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Int Urogynecol J Pelvic Floor Dysfunct. 2002;13(2):99-105; discussion 105.

Grades of intrinsic sphincteric deficiency (ISD) associated with female stress urinary incontinence.

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  • 1Section of Voiding Dysfunction and Female Urology, Cleveland Clinic Florida, Weston 33331, USA.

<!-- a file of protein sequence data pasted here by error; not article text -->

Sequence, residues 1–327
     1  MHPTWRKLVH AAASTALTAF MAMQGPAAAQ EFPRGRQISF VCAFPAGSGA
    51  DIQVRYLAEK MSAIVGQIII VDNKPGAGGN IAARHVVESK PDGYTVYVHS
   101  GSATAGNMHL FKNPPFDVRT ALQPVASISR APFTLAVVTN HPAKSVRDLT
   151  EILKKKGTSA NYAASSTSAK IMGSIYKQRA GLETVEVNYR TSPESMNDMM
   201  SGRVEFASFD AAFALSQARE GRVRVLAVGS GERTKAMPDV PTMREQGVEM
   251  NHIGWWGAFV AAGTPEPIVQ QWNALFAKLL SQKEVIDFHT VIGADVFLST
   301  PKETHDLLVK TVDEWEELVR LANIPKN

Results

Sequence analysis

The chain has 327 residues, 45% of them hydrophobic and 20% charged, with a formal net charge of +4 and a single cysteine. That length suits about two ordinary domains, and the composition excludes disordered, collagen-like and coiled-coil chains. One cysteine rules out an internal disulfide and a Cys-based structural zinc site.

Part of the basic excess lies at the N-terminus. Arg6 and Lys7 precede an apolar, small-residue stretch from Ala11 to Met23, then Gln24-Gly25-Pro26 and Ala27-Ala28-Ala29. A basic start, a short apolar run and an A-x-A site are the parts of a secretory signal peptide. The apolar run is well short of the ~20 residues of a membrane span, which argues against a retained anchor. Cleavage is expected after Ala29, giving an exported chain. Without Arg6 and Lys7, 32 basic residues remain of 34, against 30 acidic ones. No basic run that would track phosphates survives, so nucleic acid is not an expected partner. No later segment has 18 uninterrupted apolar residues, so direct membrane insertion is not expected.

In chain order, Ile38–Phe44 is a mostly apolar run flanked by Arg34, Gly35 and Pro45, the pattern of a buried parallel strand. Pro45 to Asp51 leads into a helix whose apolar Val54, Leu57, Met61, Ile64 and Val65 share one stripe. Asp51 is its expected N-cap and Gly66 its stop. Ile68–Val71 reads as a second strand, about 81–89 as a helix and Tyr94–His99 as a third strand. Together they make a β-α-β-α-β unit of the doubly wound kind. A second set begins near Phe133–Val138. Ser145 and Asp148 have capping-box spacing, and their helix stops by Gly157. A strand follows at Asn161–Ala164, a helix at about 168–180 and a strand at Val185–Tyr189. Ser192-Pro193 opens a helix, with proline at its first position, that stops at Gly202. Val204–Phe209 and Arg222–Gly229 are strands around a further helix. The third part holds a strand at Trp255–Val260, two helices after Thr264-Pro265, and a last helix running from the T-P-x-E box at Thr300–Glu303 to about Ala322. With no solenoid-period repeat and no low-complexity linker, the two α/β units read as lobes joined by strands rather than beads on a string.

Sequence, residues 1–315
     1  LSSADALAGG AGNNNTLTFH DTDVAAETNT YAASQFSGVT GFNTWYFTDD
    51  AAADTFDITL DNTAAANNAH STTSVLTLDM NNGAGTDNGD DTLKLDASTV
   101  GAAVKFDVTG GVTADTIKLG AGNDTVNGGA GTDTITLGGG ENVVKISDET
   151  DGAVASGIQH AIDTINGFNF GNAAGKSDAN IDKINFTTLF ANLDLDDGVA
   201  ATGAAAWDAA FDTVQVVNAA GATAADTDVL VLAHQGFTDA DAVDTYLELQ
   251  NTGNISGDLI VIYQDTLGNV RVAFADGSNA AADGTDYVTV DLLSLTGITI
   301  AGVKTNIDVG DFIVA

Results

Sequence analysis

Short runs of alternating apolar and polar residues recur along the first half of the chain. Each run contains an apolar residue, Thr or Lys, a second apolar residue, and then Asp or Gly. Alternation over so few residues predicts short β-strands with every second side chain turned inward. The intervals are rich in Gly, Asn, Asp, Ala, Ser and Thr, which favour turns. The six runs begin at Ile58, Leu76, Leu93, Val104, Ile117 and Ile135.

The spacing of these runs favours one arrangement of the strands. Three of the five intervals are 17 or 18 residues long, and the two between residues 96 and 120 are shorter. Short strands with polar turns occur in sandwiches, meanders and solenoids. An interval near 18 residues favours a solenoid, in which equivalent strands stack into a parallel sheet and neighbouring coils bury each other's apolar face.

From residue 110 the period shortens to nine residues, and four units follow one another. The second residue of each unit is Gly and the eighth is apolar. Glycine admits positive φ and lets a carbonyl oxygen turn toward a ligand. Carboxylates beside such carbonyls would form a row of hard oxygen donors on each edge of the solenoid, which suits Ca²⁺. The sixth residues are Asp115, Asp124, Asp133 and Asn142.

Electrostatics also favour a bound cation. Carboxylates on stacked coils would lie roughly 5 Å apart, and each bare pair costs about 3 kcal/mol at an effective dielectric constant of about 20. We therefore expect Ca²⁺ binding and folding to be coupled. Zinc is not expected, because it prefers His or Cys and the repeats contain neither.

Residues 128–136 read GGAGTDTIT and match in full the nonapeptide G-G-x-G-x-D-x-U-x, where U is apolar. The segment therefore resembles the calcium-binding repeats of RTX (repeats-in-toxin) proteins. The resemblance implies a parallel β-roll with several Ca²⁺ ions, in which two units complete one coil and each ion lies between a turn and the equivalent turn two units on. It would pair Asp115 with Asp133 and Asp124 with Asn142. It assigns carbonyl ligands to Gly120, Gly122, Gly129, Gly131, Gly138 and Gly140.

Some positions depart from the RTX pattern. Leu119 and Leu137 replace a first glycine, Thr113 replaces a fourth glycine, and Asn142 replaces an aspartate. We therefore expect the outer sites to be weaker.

Intrinsic urethral sphincter deficiency (ISD) is a clinical entity that should be suspected in women with stress urinary incontinence. If it is not diagnosed prior to surgery, it poses a significant risk factor for repair failure. We propose a classification of ISD based on videofluorourodynamic (VFUD) and abdominal leak-point pressures. One hundred female patients with stress urinary incontinence due to ISD were included in this study. History and physical examination were performed on all patients. Each patient underwent a standard VFUD study with abdominal leak-point pressure (ALPP) measurement. ISD is classified into subtypes according to VFUDS and ALPP. The findings were then correlated with the clinical presentation, etiology and proposed management. Three types of ISD/SUI were identified. ISD-A, subtle/urodynamic, was present in 32 patients (32%). It is most difficult to diagnose because radiologically the bladder neck is not open at rest, and it is only diagnosed by VFUD. The abdominal leak-point pressure was less than 12 cmH2O. ISD-B was present in 45 patients (45%). This is characterized by a beak-shaped open bladder neck at rest. The abdominal leak-point pressure was less than 90 cmH2O. ISD-C was present in 14 patients (14%). It is characterized by an open, fixed non-functioning urethra (pipe-stem) with high position of the bladder neck. The abdominal leak-point pressure was less than 70 cmH2O. All the three subtypes had proximal urethral closure pressure (PCUP) less than 10 cmH2O. Based on these data, the treatment options may vary from one subtype to another. For ISD-A, initial treatment was medical, with collagen injection being used for the failed cases. For ISD-B a modified pubovaginal sling was used, as it corrects the ISD and the urethral hypermobility at the same time. For ISD-C, urethrolysis and takedown of the previous suspension was required before using a sling. Collagen injections were used in selected cases. This classification identifies different subgroups of ISD, which is important in the diagnosis and management of this condition.

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